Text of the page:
When President Clinton took office in 1993, his administration appeared determined to focus single-mindedly on the nation's economic problems. International issues were to receive less attention, except inasmuch as they might affect American commerce. The Clinton-Gore ticket had campaigned on the notion that the United States was suffering its "worst economic performance since the Great Depression," and that conditions might get worse if we continued to receive "plenty of empty promises," instead of "results," from our trading partners. According to the Clinton paradigm, with the Cold War safely over, the time had come to shift priorities. "The days when we could afford to subordinate our economic interests to foreign policy or defense concerns are long past," explained Mickey Kantor, then the U.S. trade representative.
In the ensuing years, however, the global school of hard knocks did not easily permit narrow commercial considerations to crowd out broader concerns in foreign affairs. So, by 1996, questions of international stability and security had regained more of their traditional claim on U.S. policy, even for a president preoccupied with domestic matters.
The correction is welcome. Commercial boosterism in the early days of the Clinton presidency seemed premised in part on the false impression that previous presidents and Congresses had traded away American prosperity in deference to geostrategic interests. Had this misperception persisted, it might have risked a serious intensification of trade tensions with many countries and presented the strange spectacle of U.S. trade negotiators demanding the equivalent of an affirmative action program to compensate for mythical economic losses during the Cold War. Statecraft in today's still perilous world requires a proper balance between trade policy and other missions.
THE MYTH OF COMMERCIAL MARTYRDOM
In the immediate aftermath of World War II, the U.S. government adopted a relatively openhanded approach toward allies and former adversaries alike, offering grants, technical aid, and credits under the Marshall Plan. The altruism, however, reflected unique and temporary circumstances. Shell-shocked economies overseas had barely begun to recover. As an undisputed economic hegemon, the United States could readily afford to be generous without the quid pro quo of prompt repayment. So dominant was the U.S. economy that there was not much difference between doing favors to others and for oneself. Incentives to underwrite economic growth abroad were strong at a time when the preponderant gains ultimately redounded to the United States.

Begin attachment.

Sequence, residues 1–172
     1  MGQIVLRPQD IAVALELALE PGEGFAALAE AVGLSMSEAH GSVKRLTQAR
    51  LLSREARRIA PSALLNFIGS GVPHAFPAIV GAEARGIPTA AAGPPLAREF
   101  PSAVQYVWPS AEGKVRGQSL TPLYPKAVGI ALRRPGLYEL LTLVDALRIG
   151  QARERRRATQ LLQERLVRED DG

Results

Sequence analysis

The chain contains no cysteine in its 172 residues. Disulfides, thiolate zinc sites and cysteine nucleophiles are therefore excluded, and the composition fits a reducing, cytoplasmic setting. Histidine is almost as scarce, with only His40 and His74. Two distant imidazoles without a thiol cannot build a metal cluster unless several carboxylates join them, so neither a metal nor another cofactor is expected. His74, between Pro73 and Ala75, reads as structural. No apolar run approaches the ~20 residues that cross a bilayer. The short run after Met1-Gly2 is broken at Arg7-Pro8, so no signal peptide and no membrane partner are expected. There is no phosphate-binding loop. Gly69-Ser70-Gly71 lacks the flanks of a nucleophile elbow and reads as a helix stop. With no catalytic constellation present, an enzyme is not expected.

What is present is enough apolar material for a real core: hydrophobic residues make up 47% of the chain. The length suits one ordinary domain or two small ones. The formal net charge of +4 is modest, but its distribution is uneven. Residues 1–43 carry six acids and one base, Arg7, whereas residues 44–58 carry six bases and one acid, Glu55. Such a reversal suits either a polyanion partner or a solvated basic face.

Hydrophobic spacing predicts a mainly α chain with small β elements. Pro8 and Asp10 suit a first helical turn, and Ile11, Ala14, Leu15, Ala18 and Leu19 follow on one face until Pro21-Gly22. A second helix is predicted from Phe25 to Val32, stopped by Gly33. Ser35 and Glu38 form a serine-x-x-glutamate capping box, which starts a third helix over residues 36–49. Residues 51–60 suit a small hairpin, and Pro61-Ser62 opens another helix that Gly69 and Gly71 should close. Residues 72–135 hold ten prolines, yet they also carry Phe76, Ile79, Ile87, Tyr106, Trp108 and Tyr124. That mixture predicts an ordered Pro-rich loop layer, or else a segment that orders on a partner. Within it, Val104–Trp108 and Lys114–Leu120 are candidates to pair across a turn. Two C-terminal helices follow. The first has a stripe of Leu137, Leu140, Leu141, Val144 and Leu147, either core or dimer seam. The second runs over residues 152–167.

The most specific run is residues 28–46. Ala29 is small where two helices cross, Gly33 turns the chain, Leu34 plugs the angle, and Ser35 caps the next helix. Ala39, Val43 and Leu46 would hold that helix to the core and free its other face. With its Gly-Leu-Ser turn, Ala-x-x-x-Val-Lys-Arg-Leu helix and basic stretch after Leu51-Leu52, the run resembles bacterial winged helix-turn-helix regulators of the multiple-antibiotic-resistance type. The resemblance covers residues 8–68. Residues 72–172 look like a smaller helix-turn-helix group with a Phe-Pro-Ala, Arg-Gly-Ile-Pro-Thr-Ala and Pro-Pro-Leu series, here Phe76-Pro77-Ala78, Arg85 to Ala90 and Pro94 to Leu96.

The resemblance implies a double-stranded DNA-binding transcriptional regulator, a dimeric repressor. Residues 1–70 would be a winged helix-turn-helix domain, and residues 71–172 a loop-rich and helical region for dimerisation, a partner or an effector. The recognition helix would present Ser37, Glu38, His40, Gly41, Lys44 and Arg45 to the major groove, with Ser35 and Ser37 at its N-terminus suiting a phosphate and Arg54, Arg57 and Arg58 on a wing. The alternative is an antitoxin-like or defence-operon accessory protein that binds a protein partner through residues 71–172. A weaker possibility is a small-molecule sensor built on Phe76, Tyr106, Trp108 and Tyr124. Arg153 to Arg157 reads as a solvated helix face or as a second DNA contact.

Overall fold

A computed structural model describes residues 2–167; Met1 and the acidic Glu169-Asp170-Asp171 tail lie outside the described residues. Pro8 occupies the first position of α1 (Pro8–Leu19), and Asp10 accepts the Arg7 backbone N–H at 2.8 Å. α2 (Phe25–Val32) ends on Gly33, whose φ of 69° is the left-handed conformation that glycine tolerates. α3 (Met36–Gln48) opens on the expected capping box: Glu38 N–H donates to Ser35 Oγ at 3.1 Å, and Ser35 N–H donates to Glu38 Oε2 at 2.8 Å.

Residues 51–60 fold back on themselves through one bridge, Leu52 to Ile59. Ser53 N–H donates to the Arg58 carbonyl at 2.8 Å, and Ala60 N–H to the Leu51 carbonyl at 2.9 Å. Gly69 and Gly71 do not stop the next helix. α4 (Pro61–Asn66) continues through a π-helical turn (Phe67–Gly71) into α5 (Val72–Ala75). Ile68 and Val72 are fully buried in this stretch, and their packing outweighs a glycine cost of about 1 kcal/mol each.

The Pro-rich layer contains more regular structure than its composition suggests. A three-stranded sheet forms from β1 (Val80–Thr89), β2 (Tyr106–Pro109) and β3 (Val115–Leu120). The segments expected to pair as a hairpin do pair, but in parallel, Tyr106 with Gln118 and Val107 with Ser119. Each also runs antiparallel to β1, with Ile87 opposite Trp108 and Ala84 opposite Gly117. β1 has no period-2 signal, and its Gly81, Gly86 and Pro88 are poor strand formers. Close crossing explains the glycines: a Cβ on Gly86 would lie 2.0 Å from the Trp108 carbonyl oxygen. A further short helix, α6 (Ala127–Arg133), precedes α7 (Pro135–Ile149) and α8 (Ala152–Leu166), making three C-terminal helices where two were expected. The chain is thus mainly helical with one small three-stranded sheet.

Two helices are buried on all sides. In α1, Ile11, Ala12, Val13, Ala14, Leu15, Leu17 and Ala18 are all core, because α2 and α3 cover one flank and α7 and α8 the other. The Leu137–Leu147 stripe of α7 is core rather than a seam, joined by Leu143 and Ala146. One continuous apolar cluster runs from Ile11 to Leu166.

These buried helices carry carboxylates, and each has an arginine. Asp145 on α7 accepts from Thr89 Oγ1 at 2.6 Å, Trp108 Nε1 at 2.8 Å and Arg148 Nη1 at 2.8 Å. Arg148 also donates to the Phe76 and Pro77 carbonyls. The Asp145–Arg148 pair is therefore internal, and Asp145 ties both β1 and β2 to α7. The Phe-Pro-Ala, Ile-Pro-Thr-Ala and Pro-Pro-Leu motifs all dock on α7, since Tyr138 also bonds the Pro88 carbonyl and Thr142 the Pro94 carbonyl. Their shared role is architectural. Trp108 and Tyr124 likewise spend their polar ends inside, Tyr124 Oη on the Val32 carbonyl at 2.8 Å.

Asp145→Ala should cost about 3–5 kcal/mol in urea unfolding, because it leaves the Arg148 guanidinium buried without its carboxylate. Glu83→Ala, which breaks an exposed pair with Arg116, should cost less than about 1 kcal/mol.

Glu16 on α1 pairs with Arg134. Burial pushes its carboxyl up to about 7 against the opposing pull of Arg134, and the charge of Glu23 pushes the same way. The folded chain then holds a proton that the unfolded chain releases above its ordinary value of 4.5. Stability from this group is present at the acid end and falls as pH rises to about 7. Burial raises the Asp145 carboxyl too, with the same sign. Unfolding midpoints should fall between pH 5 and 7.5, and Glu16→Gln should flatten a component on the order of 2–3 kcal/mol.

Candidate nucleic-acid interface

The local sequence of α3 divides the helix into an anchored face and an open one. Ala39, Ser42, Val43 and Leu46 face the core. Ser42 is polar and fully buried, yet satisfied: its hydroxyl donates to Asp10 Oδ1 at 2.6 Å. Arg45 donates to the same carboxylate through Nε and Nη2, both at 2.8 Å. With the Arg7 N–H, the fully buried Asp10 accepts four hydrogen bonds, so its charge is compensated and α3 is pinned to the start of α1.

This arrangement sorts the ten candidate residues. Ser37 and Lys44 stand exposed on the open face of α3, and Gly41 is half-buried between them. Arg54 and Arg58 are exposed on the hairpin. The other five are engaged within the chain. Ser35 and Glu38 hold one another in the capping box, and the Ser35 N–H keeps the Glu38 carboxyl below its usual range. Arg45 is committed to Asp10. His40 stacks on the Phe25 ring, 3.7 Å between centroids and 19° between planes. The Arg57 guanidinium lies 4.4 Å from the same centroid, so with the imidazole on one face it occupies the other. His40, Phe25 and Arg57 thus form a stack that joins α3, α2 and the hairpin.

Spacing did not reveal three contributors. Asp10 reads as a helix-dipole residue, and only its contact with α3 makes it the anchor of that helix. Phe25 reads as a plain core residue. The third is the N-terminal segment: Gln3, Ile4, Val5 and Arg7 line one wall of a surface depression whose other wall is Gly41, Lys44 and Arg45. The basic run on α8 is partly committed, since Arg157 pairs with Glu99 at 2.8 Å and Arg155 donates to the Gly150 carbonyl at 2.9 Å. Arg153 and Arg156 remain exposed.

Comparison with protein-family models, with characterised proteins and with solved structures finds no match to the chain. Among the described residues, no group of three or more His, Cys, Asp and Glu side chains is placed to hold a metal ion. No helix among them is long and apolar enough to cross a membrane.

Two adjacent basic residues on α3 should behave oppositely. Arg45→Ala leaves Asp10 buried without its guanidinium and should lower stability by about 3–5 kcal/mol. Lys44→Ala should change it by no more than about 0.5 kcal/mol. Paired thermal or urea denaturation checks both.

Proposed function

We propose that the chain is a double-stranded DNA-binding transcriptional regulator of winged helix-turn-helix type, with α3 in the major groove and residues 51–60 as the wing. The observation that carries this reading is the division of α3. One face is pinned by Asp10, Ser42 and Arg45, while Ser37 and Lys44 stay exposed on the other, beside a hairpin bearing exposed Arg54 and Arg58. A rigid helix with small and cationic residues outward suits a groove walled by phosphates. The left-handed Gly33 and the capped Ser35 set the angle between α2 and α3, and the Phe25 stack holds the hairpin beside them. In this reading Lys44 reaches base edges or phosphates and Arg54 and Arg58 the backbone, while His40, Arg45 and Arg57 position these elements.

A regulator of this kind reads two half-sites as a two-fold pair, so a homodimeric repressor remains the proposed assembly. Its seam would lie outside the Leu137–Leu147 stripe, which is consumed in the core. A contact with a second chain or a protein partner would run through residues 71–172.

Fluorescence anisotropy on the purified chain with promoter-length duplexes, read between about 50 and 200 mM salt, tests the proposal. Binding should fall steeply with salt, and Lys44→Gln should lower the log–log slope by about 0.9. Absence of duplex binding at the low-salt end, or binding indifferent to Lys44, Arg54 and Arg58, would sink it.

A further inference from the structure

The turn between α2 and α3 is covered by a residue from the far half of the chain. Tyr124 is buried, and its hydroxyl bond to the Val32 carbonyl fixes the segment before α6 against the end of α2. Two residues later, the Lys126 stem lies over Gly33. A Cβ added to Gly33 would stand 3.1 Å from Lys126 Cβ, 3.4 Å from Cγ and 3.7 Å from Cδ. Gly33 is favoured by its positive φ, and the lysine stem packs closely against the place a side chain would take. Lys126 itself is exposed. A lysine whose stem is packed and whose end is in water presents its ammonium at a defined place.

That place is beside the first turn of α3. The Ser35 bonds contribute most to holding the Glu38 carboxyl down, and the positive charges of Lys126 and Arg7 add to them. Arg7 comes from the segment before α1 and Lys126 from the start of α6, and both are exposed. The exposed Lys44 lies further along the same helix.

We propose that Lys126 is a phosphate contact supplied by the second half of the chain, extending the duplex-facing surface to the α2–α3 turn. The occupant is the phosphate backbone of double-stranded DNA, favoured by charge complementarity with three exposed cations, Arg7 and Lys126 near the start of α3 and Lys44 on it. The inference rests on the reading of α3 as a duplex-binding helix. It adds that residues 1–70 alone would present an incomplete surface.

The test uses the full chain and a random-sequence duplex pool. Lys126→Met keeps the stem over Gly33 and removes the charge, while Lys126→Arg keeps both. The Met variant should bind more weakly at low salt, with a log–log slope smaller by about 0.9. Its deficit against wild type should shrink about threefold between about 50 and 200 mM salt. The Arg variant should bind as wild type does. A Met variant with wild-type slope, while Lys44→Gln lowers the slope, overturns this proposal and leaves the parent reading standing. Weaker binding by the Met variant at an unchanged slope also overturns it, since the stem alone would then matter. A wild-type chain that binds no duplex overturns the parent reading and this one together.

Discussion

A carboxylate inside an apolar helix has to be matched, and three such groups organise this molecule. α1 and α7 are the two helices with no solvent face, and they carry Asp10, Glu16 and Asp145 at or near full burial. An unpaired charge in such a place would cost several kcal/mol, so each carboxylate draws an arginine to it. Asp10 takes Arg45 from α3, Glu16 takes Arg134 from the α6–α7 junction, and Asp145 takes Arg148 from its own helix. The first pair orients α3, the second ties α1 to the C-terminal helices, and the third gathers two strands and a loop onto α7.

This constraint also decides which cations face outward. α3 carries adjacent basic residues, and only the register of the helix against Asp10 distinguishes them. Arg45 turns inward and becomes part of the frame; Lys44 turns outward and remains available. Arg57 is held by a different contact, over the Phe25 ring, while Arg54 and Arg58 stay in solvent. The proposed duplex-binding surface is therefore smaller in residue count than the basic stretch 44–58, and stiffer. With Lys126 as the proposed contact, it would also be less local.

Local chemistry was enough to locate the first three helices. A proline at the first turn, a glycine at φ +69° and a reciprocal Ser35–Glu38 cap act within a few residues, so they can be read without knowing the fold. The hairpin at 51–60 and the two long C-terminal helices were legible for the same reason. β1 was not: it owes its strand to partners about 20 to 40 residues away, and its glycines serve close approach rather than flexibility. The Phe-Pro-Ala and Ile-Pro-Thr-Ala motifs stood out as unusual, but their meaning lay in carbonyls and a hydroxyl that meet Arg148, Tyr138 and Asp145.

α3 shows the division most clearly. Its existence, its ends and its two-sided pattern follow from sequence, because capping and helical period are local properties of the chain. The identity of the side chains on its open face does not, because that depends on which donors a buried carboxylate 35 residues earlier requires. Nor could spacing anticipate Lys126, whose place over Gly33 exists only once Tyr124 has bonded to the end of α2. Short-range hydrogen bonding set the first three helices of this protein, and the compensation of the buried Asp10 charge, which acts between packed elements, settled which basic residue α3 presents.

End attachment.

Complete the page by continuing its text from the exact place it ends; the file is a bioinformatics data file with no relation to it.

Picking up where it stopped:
But even then, the Americans did not as a matter of course go around lowering U.S. tariffs unilaterally. Tariffs were reduced, but on a two-way basis. Presidents did not have much choice; they were explicitly required, under the Reciprocal Trade Agreements Act of 1934, to negotiate reciprocal concessions. Congress often made the U.S. commitment to free trade conditional on the protection of powerful constituencies. In exchange for renewing presidential authority to negotiate tariff cuts, lawmakers required President Truman to heed a so-called peril-point provision limiting cuts to levels that would not impair sensitive domestic producers. The executive's trade negotiating authority was extended through the 1950s, but President Eisenhower had to order limits on imports of cotton fibers and crude oil. On his watch, despite an increasingly favorable trade balance in the farm sector, Congress secured quantitative limits on imports of sugar and dairy products. The legislators also insisted on waiving obligations to remove these limits and to discipline U.S. crop production programs under the GATT. Eisenhower had limited success in overturning stringent Buy American procurement rules that had been (and remain) in effect since 1933.
Subsequently, to ensure passage of the Trade Expansion Act of 1962, which …